It's nice to have heroes. Everyone should.
Growing up in Wisconsin, Tony Romo settled on Brett Favre. Sort of.
All week leading up to Thursday night's NFC matchup, that storyline dominated all the talk about Packers vs. Cowboys. Romo did his level best not to sound in awe of the guy he followed as a kid. Turns out he could have saved himself plenty of worry.
Instead it was Favre who came out throwing like he had something to prove, only to throw two interceptions before getting injured in the second quarter of the Cowboys 37-27 win.
``Personally, I hate that I didn't play all four quarters,'' Favre said. ``We made our fair share of mistakes. They're the best team in the NFC and they proved that today. I don't know that we proved a thing.''
Neither did the abbreviated shootout between the two quarterbacks. The best exchange turned out to be a short chat during warmups some 90 minutes before kickoff.
``Exchanging recipes and stuff,'' Romo recalled afterward. ``Guy talk, I dunno. We just talked about hunting or something. I told him the NFL Network was going to have a heart attack if I didn't come over and say, 'Hi.' They were running out of film waiting for it.''
As snapshots go, though, this one was worth waiting for. The two men were separated by 11 years, but the resemblance was hard to miss. Favre's unmistakable gunslinger's smile peeked out between gray whiskers; Romo's peered out beneath a backwards-turned baseball cap.
If Favre were choosing a successor, he'd be hard-pressed to find a better one. He said several times he saw a lot of himself in Romo. ``He has the same mentality I did. There's never a bad play.''
Their learning curves, at least as far as Romo's extends, also bear an uncanny resemblance. So do their stats, and perhaps most important, their ability to inspire confidence in the players around them in tough situations.
Yet for a guy who claimed he was born with a gift to read those tough situations very, very quickly - ``I could see it, and react very fast,'' is how Romo put it - he insisted he couldn't see what the fuss was all about.
``You really shouldn't say, 'This is the next Brett Favre,' or anything like that because he's done so much for that team and this league,'' Romo said earlier in the week.
``He's just on another level. You just go out and play the game as good as you can. If you're trying to be Brett Favre, you're fighting an uphill battle your entire career, believe me.''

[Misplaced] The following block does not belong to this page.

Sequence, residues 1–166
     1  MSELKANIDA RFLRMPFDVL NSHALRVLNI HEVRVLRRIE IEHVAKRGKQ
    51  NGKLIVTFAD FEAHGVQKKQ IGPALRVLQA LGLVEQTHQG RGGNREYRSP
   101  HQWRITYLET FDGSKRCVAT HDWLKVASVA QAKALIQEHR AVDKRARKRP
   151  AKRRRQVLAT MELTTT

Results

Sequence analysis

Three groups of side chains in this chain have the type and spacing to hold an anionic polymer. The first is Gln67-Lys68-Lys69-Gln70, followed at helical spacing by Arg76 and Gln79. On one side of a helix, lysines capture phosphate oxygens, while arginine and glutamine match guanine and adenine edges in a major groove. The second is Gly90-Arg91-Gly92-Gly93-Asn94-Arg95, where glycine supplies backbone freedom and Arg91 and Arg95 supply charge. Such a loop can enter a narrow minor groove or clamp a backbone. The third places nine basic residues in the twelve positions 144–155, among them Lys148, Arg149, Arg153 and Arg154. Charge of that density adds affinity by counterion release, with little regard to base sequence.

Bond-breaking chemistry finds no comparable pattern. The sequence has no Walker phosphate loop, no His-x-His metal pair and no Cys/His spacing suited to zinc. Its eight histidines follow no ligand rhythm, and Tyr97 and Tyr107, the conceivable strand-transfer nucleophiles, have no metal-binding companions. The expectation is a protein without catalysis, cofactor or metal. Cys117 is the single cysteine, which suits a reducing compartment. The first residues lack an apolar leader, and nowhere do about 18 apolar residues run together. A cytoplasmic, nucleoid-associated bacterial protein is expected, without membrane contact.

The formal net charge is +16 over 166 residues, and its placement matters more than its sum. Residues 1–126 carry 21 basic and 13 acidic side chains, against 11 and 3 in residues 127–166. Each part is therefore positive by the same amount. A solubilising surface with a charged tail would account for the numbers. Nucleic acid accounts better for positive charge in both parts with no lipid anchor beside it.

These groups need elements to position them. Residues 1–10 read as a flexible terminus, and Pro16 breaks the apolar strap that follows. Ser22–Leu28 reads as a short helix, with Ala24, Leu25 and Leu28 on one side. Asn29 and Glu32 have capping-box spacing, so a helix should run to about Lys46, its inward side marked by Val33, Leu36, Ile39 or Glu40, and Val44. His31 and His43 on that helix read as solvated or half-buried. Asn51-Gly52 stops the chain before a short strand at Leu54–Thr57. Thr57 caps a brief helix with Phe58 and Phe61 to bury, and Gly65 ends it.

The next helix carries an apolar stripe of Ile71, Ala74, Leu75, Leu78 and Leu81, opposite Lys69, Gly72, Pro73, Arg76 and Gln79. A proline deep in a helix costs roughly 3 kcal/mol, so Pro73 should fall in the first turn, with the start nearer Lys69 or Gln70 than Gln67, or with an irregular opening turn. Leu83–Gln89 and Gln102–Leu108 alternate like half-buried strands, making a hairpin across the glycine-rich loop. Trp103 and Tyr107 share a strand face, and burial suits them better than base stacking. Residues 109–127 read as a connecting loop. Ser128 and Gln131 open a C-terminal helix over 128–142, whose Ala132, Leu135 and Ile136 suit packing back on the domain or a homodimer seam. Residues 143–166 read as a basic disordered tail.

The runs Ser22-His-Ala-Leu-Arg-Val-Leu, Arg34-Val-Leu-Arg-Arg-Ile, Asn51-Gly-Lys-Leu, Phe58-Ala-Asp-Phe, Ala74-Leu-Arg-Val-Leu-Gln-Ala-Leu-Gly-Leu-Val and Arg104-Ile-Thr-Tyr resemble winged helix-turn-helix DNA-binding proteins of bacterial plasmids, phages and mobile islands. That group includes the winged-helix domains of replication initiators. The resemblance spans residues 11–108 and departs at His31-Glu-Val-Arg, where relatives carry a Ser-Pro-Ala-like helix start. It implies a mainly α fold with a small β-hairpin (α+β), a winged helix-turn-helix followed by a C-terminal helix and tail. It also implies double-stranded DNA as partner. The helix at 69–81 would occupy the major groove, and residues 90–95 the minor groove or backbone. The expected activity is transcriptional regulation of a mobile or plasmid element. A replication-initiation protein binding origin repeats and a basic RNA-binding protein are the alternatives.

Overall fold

Funny thing about that, though. Not all of Romo's teammates believed him.
Tight end Jason Witten, whose fourth-quarter performance put the finishing touches on Romo's grand night (four TDs, 300-plus yards passing), turned out to be star witness. He said as impressive as his quarterback's imitation of Favre is on the field, he does an even better impersonation in the locker room. And no one, Witten noted, could get Favre's world-weary shrug, pigeon-toed shuffle and soft drawl letter-perfect without studying the man closely for some time.
``The truth is that he loved him growing up,'' Witten told the Fort Worth Star-Telegram. ``He's done a good job of understating it and relaxing. He's downplaying it, but that's his hero.''
Downplaying it? Romo grew up in football-mad Burlington, Wis., but when the subject came up this week, he insisted he paid more attention to basketball and Michael Jordan's exploits than football and Favre. And even then, Romo claimed he ranked John Elway and Joe Montana ahead of the hometown hero. He recalled watching Green Bay play Denver in the Super Bowl and ``rooting for the Broncos. I guess I was something of an outcast in my neighborhood.''
He didn't expect that to change after the way he led the beatdown of the Packers.
``I don't think more than four people rooted for me in my hometown,'' he said. ``I don't know, maybe they'll forgive me.''
If not, well, there's always Romo's adopted hometown. People in Dallas who wondered whether the kid's head would get too big, too fast can take a deep breath. They worried about Romo's ability to focus while dating starlets, negotiating his contract talks and having to face Favre. He's answered the bell every time.
``I don't know if he's the next 'American Idol,''' Cowboys coach Wade Phillips, ``but he played really well.''
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Jim Litke is a national sports columnist for The Associated Press. Write to him at jlitkeap.org

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